[1] Sīrat Ibn Hushām, Vol 2, Page 286 


Ayyūb ibn Dinar says that his father told him that he had seen `Ali (a.s) wearing a loincloth and a scarf on his shoulders. On another occasion, he saw him wearing two scarves made in Najran.

Abhur ibn Harmūz says that his father saw the Imam (a.s) coming out of the Mosque at al-Kūfah wearing a loincloth half way between his feet and knees and was wearing a scarf on his shoulders. 

In those days, generally this was the dress of the people. Therefore, at the Ghadir Khumm when the Prophet (a.s) raised `Ali (a.s) on his hands, the tradition says, that it was raised so much that the whiteness of the armpit was visible. The reason was that the Prophet (a.s) was wearing only a chador on his shoulders, which moved away while he raised `Ali (a.s). 

Nawf al-Baqali says that he saw `Ali (a.s) wearing a shirt and wore a footwear made of the bark of date palm 

Ibn `Abbas says that he saw a torn footwear in the feet of `Ali (a.s) that he had also seen him repair. 

`Ata Abū-Muhammad says that he saw the Imam (a.s) wearing a cloak of rough cloth. 

Khalid Abū-Umayyah says that that the Imam’s loincloth was up to his knees.

`Abdullah ibn Abi-Hudhayl says that he saw on his shoulders a cloak made of rough cloth. The sleeves of the cloak were touching the tips of his fingers. 

`Abd al-Jabbar ibn Mughirah says that Ummu-Kathirah told him that she had seen `Ali (a.s) that his loincloth was of coarse cloth and he wore a cloak of coarse cloth as well. Over the cloak, he wore a scarf. 

Abul-`Ala’ the manumitted slave of Aslam says that he saw that `Ali (a.s) tied his loincloth above the umbilical region. 

Abū-Malikah says that he once went to the presence of the Imam (a.s) and saw that he had tied his cloak like the loincloth around his waist. Over the cloak, he had tied a rope to keep it in place.

Qudamah Ibn `Attab says that he saw the Imam (a.s) wearing a white woolen cloak and had wrapped around his shoulders red striped shawls of Qatari origin. He wore a headgear of fine cloth. 

Abū-²abyan says that he saw `Ali (a.s) wearing a yellow loincloth and was covering his shoulders with a flowery black shawl. 


Zayd ibn Wahab says that he saw the Imam (a.s) emerging out of his house and his loincloth was having several patches. 

Muhammad ibn `Abd al-Rahman says, 

“`Ali (a.s) wore his ring on the right hand.”[1]

`Ali (a.s) used to wear either ruby or turquoise on his rings. He also used Chinese Gold and sometimes cornelian for his rings. On the cornelian, there used to be the engraving, “almulku lillah (Kingdom is Allah’s)”. In some traditions, it is said that the engraving used to be, “lillahi almulku.” He used to keep a whip in his hand. While delivering a sermon he used to take the support of a bow or a sword.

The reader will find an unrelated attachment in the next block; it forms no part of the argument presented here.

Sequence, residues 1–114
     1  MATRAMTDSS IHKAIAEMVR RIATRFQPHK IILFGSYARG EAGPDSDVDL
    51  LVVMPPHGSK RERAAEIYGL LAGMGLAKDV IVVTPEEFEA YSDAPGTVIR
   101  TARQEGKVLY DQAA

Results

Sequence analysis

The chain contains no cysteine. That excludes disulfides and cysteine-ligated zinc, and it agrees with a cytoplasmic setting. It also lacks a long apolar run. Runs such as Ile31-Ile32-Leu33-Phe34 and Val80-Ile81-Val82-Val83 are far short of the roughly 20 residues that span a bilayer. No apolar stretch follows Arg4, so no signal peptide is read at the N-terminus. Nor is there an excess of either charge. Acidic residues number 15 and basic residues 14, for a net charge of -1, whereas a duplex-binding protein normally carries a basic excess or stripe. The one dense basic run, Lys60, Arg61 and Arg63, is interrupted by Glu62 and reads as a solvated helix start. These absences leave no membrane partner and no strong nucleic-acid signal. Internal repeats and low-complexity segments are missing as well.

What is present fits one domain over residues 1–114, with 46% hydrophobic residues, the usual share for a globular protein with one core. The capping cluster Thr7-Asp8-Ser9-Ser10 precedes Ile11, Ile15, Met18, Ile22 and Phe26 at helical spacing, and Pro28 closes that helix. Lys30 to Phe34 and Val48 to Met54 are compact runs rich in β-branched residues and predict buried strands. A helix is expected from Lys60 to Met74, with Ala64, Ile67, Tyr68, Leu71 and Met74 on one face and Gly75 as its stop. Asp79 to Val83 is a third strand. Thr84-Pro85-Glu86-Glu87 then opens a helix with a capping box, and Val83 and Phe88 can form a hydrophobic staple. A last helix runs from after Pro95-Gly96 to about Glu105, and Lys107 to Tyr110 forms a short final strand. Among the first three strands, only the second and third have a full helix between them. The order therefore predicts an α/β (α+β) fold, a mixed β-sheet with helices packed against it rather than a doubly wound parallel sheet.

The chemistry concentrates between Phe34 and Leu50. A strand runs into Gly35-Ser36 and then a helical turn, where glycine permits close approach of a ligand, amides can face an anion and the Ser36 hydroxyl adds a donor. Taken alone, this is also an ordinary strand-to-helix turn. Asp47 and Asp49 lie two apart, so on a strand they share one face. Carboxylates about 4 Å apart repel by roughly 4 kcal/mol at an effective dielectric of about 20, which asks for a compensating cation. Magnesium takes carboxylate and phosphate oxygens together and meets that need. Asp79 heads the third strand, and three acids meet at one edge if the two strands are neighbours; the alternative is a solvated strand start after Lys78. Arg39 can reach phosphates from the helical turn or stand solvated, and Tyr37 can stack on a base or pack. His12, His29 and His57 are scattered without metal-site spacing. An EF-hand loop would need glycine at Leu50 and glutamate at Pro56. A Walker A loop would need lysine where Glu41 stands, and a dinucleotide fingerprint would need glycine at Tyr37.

[1] Kifāyat al-Tālib, Page 25.


`Ali’s food habits too were very moderate and frugal. Generally, he took bread made out of unsieved barley flour and a sweet beverage prepared from parched barley meal. The accompaniment for the bread generally was a little salt; sometimes he took a little vinegar, and sometimes, green vegetables and at times milk. He ate very little meat. Ibn Abil-Hadid says:

“If he used anything with the bread, it used to be the salt or vinegar. Sometimes he ate greens. He rarely took camel’s milk with his food. He seldom ate meat and used to say that people should not make their tummies the Grave yard of animals!” 

Imam Muhammad al-Baqir (a.s) says that `Ali (a.s) served meat and bread to his guests and he himself ate his bread with vinegar or olive oil. 

He used to keep bread and Sattu in a sealed bag. Someone said that he was living in Iraq, a land of plenty, and what was the need to seal his supply of food? The Imam (a.s) replied that he did not seal his stock of food for the reason of scarcity and the real reason was:


“I do not like to fill my tummy with a thing I do not know about!”[1] 

`Amr Harith says that once at noon time he had the privilege of visiting the Imam (a.s). He saw a sealed bag was placed in front of him. He took out a dried piece of bread from it, soaked in water, sprinkled a little salt over it and ate. Seeing the dry pieces of bread `Amr asked Fiddah at least she should sieve the flour and remove the chaff before kneading it for making the bread. Fiddah said that once she sieved the flour and the Imam (a.s) asked her not to do it again. Once she had put in the bag other eatables besides the dry bread, the Imam (a.s) started sealing the bag to avoid anyone putting other things in the bag.